Get inked and bring home a part of Tokyo’s historically artsy neighborhood.
Tabata station is an inspiring haven of creativity for travelers to soak in the area’s rich literary and artistic history. While the station itself is small, the area around it is known for being the home of prestigious writers and artists.
Tabata’s essence is rooted in a historic rural village that was brimming with artisans, craftsmen and wordsmiths. Due to low rent prices in the early 1900s and its close proximity to the Tokyo School of Fine Arts (known today as the Tokyo University of the Arts), those roots are still apparent today.
In the mood for art
For tourists, the north side of the station is where you want to be. Just a few steps out of the north exit will drop you right at the Atrevie shopping mall where you can do some quick shopping and grab a light meal.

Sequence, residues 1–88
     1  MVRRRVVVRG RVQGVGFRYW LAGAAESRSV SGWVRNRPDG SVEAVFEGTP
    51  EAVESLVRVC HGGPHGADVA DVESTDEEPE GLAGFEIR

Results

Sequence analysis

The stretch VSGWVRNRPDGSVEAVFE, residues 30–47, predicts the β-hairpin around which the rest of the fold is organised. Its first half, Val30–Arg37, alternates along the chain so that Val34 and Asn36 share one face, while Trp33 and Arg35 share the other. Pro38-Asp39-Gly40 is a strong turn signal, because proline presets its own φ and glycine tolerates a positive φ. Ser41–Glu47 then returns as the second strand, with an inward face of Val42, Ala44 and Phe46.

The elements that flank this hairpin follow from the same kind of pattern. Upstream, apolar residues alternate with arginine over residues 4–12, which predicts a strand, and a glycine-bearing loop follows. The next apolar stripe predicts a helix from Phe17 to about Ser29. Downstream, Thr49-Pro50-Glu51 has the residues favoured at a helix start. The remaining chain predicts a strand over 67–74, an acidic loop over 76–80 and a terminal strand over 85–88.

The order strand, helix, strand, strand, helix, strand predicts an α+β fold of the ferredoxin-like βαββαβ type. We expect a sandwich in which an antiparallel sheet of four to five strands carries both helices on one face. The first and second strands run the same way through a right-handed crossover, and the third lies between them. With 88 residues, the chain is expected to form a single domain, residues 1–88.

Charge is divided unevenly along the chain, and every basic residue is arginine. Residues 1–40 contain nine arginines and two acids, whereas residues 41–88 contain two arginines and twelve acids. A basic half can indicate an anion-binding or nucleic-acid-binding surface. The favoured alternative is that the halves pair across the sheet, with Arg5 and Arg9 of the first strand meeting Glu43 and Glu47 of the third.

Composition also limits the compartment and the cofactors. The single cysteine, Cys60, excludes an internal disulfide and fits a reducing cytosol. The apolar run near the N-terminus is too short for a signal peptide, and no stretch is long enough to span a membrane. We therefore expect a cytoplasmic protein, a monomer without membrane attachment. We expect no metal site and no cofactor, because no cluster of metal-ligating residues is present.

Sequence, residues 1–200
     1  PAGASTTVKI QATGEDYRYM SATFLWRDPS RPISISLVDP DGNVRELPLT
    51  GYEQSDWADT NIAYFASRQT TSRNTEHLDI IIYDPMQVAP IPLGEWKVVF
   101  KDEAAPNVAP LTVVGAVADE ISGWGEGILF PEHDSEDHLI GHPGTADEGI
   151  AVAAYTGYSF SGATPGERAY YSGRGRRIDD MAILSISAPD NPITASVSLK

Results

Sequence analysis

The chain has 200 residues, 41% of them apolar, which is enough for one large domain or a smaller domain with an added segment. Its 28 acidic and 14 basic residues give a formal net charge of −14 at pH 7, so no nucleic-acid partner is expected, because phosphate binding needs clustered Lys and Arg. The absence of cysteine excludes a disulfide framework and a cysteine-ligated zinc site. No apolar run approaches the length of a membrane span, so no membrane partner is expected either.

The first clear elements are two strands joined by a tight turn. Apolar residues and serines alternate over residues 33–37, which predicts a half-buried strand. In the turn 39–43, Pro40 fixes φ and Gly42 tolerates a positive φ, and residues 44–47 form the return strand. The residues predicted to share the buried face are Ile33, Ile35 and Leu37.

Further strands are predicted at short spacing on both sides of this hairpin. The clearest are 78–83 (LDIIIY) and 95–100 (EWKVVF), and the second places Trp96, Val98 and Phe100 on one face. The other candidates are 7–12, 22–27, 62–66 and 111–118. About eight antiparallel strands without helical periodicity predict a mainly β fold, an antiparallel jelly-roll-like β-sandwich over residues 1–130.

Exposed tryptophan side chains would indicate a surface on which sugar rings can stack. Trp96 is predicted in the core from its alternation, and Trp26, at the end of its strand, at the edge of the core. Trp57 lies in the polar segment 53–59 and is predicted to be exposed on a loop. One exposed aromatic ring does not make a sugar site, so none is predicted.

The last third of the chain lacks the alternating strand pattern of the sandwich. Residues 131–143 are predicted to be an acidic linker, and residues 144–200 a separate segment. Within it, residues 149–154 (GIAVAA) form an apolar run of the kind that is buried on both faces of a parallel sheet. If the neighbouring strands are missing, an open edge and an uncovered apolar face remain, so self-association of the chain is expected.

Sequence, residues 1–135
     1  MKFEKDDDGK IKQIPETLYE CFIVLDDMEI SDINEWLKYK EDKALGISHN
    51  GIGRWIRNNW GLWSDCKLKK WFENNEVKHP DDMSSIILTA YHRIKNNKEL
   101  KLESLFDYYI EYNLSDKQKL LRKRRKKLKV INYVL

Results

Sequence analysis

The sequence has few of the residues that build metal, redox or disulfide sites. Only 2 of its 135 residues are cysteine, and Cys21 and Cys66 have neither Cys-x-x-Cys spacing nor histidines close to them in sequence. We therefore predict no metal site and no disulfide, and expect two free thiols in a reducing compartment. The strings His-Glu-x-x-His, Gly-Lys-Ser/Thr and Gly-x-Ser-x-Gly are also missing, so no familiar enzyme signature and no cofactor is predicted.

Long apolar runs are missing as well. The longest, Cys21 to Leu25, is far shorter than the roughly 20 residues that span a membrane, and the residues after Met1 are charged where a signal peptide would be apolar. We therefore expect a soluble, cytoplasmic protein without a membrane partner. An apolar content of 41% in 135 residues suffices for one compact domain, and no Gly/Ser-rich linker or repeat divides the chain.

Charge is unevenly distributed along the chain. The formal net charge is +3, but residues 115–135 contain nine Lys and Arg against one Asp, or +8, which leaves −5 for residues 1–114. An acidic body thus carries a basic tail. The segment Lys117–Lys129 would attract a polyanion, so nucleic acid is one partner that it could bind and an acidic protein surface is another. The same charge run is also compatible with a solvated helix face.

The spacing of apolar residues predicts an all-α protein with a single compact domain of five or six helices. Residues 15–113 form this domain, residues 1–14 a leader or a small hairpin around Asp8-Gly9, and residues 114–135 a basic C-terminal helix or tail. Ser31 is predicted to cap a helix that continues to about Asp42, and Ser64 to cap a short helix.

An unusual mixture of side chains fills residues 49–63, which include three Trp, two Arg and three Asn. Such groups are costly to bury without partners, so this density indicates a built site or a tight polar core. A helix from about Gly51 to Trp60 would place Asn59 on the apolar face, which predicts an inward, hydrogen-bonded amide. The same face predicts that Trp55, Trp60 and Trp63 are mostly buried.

One of the most significant landmarks in the area is the Memorial Museum of Writers and Artists, which holds works from masters of the written word, painting, pottery and much more.
Perhaps the most notable dignitary is Ryunosuke Akutagawa, who is considered the “father of the Japanese short stories and fiction.” Akutagawa’s work inspired Akira Kurosawa’s 1950 Oscar-winning movie “Rashomon,” which was originally based on one of Akutagawa’s short stories.
For more modern-day art lovers, to the south of the station, the stone walls of Route 458 will lead you to Tabata’s Horizaru (engraving monkey) tattoo parlor where you can simply browse — or get inked and take home a lasting souvenir.
Tabata still has a quiet yet artistically resilient spirit. Even after surviving the Great Kanto Earthquake of 1923 and being totally ravaged during World War II bombing raids, the tone of the area hasn’t changed much over the past 100 years.